League of Legends creators are bringing us two new games after recent acquisition

After seven years, Riot games is looking to bust out of MOBAs.

After seven years, Riot games is looking to bust out of MOBAs.

For years now, Riot Games has been a one-game studio, focusing all efforts on the eSports giant League of Legends. League boasts nearly 67 million players each month, has its own football-style extended professional season, packs stadiums full of fans to watch live events, and has multi-million dollar prize pools for pro tournaments.

Now, seven years after League‘s 2009 release, Riot has acquired the studio Radiant Entertainment, which has been working on two unreleased games: a robot fighting game, Rising Thunder, and a voxel-based building game, StoneHearth

StoneHearth, still in early, iterative alpha, will continue “full speed ahead” towards its eventual release with Riot’s blessing. In Radiant’s announcement blog, the team expressed that the game will release “when it’s ready,” a statement that reads as a guarantee now that we know Riot will be supporting the team.

Is Riot taking on the fighting game eSport scene next?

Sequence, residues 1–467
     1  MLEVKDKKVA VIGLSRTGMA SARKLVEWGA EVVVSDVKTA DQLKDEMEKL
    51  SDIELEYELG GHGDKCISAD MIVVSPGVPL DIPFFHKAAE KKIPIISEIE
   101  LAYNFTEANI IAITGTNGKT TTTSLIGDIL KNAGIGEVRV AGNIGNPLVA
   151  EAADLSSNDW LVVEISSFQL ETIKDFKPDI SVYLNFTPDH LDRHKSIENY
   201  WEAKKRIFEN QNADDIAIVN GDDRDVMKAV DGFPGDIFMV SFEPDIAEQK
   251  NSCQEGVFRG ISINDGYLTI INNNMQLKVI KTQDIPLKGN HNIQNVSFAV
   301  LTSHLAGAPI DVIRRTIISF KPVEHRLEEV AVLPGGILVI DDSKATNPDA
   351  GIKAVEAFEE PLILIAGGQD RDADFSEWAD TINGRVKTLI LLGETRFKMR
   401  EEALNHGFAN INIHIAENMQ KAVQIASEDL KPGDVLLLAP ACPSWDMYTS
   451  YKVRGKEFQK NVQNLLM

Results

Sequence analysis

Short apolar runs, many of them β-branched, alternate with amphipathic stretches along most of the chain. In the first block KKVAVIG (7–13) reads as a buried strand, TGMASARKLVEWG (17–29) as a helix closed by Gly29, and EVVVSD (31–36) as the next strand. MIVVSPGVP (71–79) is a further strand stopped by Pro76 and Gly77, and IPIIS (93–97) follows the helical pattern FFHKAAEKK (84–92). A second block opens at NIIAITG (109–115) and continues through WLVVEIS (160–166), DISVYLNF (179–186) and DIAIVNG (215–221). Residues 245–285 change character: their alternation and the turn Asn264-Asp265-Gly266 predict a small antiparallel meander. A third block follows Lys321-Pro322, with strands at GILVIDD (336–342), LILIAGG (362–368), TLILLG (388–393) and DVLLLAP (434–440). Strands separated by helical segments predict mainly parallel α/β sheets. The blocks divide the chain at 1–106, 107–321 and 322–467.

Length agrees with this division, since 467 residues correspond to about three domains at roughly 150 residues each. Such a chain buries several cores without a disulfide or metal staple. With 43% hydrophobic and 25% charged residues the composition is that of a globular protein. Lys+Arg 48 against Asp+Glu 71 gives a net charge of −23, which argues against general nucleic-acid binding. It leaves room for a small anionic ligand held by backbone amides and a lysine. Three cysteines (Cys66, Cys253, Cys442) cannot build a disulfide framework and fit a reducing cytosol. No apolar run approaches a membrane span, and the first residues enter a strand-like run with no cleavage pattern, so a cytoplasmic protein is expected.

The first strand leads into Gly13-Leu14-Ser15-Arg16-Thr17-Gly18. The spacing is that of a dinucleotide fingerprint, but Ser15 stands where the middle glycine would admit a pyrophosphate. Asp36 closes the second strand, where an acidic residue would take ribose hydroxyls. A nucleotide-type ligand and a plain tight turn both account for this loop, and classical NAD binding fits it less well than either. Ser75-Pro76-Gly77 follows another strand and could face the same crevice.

Rising Thunder, however, is being benched permanently on March 18th. The team will be working with Riot on a new, yet-unannounced title. 

Rising Thunder, Radiant’s robo-fighting game is being shut down in favor of a new, mysterious fighting game. Maybe.

Current speculation is that Riot is looking to take their eSports expertise from League of Legends and Radiant co-founders’ Tom and Tony Cannon’s fighting game background to create a new, competitive fighting game. Before founding Radiant, the Cannons founded EVO, the leading fighting game tournament in the world, and created the GGPO (Good Game Peace Out) software, a middleware solution to remove lag from competitive fighting games.

While this acquisition is surprising, we’re not expecting to see many other acquisitions anytime soon. Riot seems to be positioning itself as a major name in game publishing but is looking to do so with a small roster of high-quality, multiplayer games. And that, to us, sounds an awful lot like Riot moving into Blizzard’s territory.

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